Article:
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Tuesday, January 27, 2004
Updated: January 28, 3:03 PM ET
O'Brien steps down as Celtics coach

ESPN.com news services

WALTHAM, Mass. -- Danny Ainge's reshaping of the Boston Celtics clashed with Jim O'Brien's view of the team. So, O'Brien became part of that makeover.

O'Brien stepped down Tuesday with his team in a 2-5 slump with players Ainge brought in since taking over last May 9 as executive director of basketball operations.

Ainge wants a younger team with more offense that can become a consistent contender even if it means taking a step or two back now. O'Brien relied on veterans and defense and cared more about this season's record.

"The philosophical differences, I thought, were much smaller than Jim thought," said Ainge, who had given O'Brien a two-year contract extension through 2005-06. "I was willing to work through those. Jim did not see that long-term vision that I saw."

A source told ESPN's David Aldridge that O'Brien actually offered to resign effective at season's end. However, the Celtics told O'Brien that if he was going to leave, he should do so immediately, the source said.

Now John Carroll, O'Brien's assistant, will get a chance to pursue that vision as interim coach and will have that job for the rest of the season, Ainge said.

"He's done a great job as an assistant coach to this point," Ainge said.

Carroll, who makes his debut Wednesday night against Detroit, was in his seventh season as a Celtics assistant and had been head coach at Duquesne from 1989-95.

Assistant coach Dick Harter, a defensive specialist, was let go.

O'Brien was an assistant when he became head coach on Jan. 8, 2001, after Rick Pitino stepped down. O'Brien led the Celtics to a 139-119 regular-season record and to the Eastern Conference finals and semifinals the past two seasons.

Celtics owner Wyc Grousbeck praised O'Brien and said the former coach felt the reconstructed team might be better off with someone else leading it.

"He was not sure he's the man for that job," Grousbeck said. "He didn't want to take our money and our time under false pretenses."

When Ainge was appointed, O'Brien voiced strong support.

"I think it's wonderful. I think it's a great move by our owners," O'Brien said. "In the future, people will look back, I think they will think it's a real step forward and a turning point for our franchise."

On Tuesday, a call to Lonnie Cooper, O'Brien's agent, wasn't returned.

The hiring of Ainge was the first of many changes for the Celtics, who have just three active players -- Paul Pierce, Mark Blount and Walter McCarty -- who were on the team last season.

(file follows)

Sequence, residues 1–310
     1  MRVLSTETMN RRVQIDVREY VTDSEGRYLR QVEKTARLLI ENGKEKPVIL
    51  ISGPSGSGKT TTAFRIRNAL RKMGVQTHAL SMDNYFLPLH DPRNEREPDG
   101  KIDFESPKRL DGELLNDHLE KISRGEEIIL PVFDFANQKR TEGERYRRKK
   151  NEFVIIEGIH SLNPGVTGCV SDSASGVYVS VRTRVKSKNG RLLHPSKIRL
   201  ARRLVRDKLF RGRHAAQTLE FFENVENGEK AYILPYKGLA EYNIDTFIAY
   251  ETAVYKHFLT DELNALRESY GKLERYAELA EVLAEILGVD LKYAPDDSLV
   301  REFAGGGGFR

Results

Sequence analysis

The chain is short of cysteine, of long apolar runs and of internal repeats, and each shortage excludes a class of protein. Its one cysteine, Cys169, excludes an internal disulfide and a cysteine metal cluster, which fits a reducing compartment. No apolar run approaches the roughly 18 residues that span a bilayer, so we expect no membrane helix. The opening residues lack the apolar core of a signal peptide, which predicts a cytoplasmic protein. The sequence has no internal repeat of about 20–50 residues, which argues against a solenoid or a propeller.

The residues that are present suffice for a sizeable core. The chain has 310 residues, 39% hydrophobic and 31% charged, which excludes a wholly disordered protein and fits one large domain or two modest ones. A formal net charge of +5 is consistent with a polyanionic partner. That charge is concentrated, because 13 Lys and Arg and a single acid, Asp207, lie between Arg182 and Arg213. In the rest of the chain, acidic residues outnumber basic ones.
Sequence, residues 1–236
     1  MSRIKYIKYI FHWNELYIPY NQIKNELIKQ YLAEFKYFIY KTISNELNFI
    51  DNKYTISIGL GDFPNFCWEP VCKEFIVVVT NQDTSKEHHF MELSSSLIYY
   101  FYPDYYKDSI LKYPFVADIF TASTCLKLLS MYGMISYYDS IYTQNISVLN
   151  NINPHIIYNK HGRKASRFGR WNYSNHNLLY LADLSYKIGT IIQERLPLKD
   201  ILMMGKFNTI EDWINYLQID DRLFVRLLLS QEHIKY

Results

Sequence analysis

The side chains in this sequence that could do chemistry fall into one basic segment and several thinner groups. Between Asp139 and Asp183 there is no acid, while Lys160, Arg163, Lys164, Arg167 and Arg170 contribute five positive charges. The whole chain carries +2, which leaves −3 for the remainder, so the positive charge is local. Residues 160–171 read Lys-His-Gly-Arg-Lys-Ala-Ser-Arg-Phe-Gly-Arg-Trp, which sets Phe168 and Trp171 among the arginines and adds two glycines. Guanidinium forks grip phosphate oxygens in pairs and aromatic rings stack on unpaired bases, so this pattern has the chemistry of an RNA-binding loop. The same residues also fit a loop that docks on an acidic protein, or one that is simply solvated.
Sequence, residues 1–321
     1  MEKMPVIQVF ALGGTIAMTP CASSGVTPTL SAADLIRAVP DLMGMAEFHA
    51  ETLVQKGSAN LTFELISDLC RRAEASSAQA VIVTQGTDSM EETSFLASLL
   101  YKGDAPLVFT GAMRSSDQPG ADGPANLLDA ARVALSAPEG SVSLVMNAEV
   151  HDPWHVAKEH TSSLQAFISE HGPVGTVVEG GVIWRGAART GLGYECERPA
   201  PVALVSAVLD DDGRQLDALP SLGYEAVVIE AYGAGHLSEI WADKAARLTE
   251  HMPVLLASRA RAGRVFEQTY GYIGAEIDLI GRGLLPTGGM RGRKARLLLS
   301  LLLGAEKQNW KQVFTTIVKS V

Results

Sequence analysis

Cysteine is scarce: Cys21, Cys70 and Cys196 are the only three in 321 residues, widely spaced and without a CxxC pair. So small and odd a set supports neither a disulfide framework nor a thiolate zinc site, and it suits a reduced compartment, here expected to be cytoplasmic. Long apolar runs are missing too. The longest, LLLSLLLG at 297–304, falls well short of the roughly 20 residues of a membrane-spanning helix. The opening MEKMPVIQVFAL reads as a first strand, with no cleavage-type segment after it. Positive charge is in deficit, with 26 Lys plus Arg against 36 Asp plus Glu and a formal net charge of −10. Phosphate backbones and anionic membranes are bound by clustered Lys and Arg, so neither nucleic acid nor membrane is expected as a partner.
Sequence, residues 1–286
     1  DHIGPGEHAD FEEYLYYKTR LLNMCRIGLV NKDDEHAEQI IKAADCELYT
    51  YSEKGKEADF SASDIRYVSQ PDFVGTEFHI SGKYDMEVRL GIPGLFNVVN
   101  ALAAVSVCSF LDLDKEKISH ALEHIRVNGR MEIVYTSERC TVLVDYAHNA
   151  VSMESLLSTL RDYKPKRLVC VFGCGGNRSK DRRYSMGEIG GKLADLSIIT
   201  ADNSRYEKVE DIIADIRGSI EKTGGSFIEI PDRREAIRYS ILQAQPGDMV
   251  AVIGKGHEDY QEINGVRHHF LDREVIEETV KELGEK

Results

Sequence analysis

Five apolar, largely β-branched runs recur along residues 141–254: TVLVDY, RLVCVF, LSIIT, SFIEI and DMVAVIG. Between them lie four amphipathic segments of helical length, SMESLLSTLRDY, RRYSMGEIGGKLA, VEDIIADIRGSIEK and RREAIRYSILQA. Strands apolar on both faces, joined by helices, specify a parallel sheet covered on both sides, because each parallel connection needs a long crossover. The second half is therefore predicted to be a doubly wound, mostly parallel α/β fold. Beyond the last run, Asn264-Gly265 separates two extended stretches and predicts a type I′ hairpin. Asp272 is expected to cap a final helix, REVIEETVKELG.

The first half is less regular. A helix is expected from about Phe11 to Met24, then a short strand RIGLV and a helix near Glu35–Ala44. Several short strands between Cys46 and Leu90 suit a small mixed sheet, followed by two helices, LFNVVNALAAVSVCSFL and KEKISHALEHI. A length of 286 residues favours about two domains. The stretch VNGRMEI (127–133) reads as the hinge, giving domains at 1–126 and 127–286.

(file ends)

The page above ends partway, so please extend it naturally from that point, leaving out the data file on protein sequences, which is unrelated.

Ainge traded Antoine Walker to Dallas on Oct. 20, then sent veteran team leaders and defenders Eric Williams and Tony Battie to Cleveland on Dec. 15. He also worked with players at practice and made suggestions to O'Brien about who should play.

Ainge said it was his "prerogative" to make suggestions, just as it was proper for O'Brien to voice his opinion about potential trades.

Ainge's preference for young players, such as first-round draft pick Marcus Banks, "is an understandable difference" between him and O'Brien, Ainge said.

Instead, O'Brien used Mike James at point guard while Banks was his primary replacement.

"We felt there was a ceiling on the success of the old players," Ainge said. "So we didn't always agree on the players who should be on the court."

The Celtics are 22-24 and in second place in the weak Atlantic Division. The first-place team, the New Jersey Nets, fired its coach, Byron Scott on Monday. Two other Atlantic Division coaches, Don Chaney of New York and Doc Rivers of Orlando, also were fired during the season.

But Ainge said he was surprised that O'Brien offered his resignation Tuesday morning during one of their regular meetings to discuss their philosophical differences.

"This isn't exactly how I thought this day would end," Ainge said.

O'Brien was "100 percent on board" with the trade of Walker to Dallas, Ainge said, but didn't fully support the trade with Cleveland that brought Ricky Davis, Chris Mihm and Michael Stewart.

"He understood the trade from a logistical standpoint," Ainge said. "But, again, I had a longer-term vision than Jim O'Brien had."

Information from The Associated Press was used in this report.